Oct
04

AT&T, T-Mobile sign on for underground cell service

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With MTA CEO and Chairman Jay Walder pushing hard for technological innovation underground, Transit Wireless renewed its attempts at bringing cell and wifi service to the subway system. The company’s three-year old plan had fallen by the wayside struggled to secure financial backing. When the money came in, so too did the cell companies.

As Business Week reported late last week, AT&T and T-Mobile have signed on to offer their service in the subways. The two cell companies have reportedly inked ten-year deals with Transit Wireless, and the deals can be renewed four times for five years each. As Michael Grynbaum reports, the service should be ready to go in six stations around 14th St. by the end of 2011, and Transit Wireless will have the entire underground part of the subway system cell-ready by the end of 2015.

While this project is well behind Transit Wireless’ initial launch date, that carriers are serious about it is a very good sign. As Walder said to The Times, “Phone carriers signing on is further proof that this project is a reality.” No longer will the subways be the last bastion of relief from cell signals, and in a few years, we’ll find out if constant access brings with a panacea or a prison in this hyper-connecte city of ours.



17 Responses to “AT&T, T-Mobile sign on for underground cell service”

  1. Think twice says:

    Now comes the great opportunity to provide real-time service change alerts to riders as well as real-time arrival times. Countdown clocks and screeching loudspeaker announcements may become an anachronism sooner than we know. If this all works out that is.

  2. Andrew says:

    No Verizon or Sprint?

    • Not yet. They’re still in negotiation. I’ll probably have an update on this on Tuesday because it sounds as though this is further along than Business Week reported.

      • Jason B says:

        Hopefully they will get it sorted out. If it’s only AT&T and T-Mobile, Verizon and Sprint won’t even be able to roam as they use different technologies.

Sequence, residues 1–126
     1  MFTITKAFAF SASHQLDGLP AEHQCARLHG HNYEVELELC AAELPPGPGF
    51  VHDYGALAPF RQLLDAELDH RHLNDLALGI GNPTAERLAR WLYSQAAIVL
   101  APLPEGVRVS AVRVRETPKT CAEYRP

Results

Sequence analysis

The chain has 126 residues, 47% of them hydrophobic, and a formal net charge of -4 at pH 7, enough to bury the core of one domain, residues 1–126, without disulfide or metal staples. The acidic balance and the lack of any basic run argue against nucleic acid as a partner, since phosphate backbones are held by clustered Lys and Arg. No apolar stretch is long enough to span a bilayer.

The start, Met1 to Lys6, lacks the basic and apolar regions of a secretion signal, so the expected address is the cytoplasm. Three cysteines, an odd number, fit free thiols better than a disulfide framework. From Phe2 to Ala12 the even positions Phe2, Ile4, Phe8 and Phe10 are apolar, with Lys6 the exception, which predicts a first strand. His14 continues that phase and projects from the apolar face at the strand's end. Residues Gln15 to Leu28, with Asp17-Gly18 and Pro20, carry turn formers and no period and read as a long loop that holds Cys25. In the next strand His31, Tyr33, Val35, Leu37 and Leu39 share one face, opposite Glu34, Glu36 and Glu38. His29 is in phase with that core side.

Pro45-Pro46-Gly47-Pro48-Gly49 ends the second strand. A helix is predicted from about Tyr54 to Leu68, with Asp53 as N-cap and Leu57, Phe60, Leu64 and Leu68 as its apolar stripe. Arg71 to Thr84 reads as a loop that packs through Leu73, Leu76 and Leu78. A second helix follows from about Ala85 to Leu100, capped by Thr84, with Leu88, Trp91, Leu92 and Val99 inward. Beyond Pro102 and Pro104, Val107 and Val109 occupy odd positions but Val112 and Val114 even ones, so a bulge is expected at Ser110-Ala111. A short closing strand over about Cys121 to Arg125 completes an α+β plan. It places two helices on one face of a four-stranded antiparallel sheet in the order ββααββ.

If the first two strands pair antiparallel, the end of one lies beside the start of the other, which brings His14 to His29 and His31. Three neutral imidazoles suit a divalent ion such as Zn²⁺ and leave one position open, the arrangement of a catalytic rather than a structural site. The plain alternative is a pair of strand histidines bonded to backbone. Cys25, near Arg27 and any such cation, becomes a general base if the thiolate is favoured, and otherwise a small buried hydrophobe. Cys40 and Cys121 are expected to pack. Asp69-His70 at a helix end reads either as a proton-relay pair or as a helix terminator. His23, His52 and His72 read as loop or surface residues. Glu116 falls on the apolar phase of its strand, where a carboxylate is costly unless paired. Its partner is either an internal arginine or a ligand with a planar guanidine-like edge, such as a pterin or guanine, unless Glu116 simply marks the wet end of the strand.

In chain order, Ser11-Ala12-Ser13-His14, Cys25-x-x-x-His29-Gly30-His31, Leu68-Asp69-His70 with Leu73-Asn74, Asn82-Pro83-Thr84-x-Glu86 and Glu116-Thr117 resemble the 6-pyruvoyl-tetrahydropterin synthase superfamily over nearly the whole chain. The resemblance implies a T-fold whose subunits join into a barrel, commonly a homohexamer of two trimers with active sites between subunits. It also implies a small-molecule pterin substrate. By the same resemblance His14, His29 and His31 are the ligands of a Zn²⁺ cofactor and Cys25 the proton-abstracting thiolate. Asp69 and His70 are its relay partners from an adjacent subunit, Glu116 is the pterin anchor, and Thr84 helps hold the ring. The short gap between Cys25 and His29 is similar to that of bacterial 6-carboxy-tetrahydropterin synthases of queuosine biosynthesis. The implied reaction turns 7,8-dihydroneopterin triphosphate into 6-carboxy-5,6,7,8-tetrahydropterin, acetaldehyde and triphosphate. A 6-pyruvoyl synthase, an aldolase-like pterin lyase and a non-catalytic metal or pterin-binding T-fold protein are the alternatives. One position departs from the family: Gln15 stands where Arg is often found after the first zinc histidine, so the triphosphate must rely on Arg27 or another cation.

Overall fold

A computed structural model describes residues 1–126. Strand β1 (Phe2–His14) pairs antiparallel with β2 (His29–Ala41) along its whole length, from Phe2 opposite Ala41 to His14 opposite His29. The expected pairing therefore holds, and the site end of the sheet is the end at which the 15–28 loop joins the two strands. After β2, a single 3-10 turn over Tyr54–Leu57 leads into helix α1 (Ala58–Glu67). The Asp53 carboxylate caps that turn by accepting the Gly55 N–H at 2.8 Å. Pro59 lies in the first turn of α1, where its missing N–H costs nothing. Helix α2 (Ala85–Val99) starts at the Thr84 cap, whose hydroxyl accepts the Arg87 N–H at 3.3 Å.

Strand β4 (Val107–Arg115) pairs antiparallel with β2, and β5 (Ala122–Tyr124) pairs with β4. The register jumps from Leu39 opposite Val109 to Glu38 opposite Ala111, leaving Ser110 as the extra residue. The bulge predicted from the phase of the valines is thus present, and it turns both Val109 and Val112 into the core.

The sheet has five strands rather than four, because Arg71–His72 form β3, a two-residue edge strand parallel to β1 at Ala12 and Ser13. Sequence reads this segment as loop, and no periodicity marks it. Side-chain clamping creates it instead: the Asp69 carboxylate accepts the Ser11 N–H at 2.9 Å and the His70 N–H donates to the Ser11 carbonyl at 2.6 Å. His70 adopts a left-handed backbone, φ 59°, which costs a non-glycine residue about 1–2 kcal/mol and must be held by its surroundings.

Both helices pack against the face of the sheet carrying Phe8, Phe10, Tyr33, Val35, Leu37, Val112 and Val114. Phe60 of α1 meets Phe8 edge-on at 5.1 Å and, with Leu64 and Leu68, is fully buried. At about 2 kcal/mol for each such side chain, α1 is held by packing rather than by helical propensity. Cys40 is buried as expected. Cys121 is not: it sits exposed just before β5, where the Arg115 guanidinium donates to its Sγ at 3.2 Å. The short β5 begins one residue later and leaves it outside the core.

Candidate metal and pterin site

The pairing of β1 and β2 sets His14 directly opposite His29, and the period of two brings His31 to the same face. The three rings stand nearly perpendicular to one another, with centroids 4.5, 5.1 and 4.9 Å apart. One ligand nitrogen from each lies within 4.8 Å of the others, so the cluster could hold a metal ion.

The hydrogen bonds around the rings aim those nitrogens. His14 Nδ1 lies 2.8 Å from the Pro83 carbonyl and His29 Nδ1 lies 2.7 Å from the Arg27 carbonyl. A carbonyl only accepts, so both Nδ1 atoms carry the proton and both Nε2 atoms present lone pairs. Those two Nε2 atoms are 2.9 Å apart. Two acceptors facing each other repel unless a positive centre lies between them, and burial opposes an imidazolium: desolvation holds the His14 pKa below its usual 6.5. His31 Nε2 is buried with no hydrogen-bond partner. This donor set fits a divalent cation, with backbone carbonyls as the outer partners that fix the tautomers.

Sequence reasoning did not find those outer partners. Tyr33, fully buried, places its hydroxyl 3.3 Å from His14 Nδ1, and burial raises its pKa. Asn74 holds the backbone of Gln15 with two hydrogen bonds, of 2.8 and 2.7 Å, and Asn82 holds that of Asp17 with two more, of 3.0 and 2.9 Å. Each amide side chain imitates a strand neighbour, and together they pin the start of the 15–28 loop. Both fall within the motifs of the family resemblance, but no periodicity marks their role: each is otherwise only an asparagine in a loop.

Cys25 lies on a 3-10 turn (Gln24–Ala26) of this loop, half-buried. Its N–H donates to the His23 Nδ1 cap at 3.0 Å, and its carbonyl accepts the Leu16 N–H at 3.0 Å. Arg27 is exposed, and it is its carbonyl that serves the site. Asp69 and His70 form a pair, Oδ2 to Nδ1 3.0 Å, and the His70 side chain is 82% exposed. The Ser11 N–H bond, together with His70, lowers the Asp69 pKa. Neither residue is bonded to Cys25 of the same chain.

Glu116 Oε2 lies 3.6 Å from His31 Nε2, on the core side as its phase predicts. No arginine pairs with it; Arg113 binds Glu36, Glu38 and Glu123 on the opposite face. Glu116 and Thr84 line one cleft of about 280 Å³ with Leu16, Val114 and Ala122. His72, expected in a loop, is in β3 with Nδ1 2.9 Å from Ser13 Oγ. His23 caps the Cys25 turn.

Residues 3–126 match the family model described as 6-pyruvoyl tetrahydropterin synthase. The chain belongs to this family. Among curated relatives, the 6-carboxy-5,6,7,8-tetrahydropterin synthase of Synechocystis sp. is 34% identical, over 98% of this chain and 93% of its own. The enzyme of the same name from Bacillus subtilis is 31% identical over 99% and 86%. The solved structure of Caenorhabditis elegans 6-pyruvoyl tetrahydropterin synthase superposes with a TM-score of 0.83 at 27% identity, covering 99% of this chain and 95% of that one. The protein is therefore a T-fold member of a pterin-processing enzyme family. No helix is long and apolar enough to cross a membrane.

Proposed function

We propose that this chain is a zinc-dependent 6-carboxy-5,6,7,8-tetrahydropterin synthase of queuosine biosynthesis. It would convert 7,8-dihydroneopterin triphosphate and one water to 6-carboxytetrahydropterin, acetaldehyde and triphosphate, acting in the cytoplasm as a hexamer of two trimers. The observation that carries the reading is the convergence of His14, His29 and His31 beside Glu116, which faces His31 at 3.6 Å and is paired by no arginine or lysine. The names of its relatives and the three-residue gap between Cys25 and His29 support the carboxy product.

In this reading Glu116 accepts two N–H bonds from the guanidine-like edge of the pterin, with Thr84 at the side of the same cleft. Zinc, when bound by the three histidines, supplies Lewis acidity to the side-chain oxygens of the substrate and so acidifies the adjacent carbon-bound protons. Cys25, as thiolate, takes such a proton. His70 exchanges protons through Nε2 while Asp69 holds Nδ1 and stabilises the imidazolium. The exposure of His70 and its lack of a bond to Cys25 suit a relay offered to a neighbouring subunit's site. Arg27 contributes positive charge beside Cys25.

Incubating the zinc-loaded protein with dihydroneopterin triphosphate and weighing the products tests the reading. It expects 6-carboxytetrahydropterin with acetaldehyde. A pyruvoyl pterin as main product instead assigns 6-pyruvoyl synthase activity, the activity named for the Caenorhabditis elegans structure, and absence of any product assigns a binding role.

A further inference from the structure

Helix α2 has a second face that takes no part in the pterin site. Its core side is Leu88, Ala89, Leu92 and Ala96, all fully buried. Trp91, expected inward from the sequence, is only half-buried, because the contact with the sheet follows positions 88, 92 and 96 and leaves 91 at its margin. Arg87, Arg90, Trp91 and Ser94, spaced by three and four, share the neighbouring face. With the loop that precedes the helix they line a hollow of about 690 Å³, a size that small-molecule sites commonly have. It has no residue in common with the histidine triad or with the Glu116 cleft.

3. Alon Levy says:

    Why can’t they just build the infrastructure and then charge the carriers a fee to use it?

    • Because the infrastructure companies are a little hesitant to spend millions before having a commitment from the carriers.

      • Alon Levy says:

        The MTA could front the money.

        • Sharon says:

          NO thanks. That will give the installation company no incentive to install it quickly or at all.

          Let the private sector do it’s magic and let the mta spend it’s money on where it is needed, providing transportation and high pay for low skilled cleaners

          • Alon Levy says:

            Much of the overspending in New York comes from an insistence on outsourcing everything. Consultants charge more than in-house staff, and have no incentive to cut costs, since their loyalty is not to the MTA. Operationally inefficient, union-choked public agencies are perfectly capable of constructing things for reasonable cost, for example RATP. While the MTA is incompetent, this incompetence in part comes from the shedding of all in-house expertise on infrastructure. Where in-house expertise has been retained, and where the MTA puts an effort into keeping costs down, the budgets are reasonable: the R160 order was actually cheaper than most comparable train orders in peer first-world cities.

  4. Al D says:

    Great. I can’t wait to have a pointless Face Time call with my fellow iPhone 4 owner standing next to me on a jammed packed, sweltering, 125 degree Union Sq platform, and then again on the sardine canned 4 or 5. Oh, the sheer joy and pleasure!

    What’s that? The security conscience want to have cell service in case of emergency? C’mon, even assuming that the cell towers have their own power supply in an actual emergency where there is no power, will there really be enough bandwidth to accommodate the thousands of calls that would be going on at the same time?

    And lastly, speaking of cell towers, what about the radiation emitted from these things? Will my brain be fried if my train is delayed and I am standing next to one of these things for 30 minutes? And then being constantly exposed to radiation for the length of my commute? What about the transit workers relentless exposure to these things?

    All this just to send a few pointless text messages while underground.

    Oy vey…

    • I’ve said it before; I’ll say it again. That’s a very Manhattan-centric view of things. Nearly half of the subway system is above ground where the MTA doesn’t have to do a single thing to make sure cell service is provided to travelers. It hasn’t created mass panic or a cacophony of phone conversations, has it?

      • Al D says:

        But you’ve really not addressed anything in my original post except to stereotype because I mentioned a busy station in Manhattan, and you know the dynamic and ‘physical plant’ on trackage not in a tunnel is different.

        • I can’t see a situation in which thousands of calls are happening at once, and I don’t see how noise will be an issue. Subway stations aren’t conducive to long phone calls, and while one or two people might have to or try to squawk away, I think you’re overstating the negative impact.

          As for the radiation, it’s not going to be any worse than what you suffer walking around the city today. There are cell transmitters literally everywhere now.

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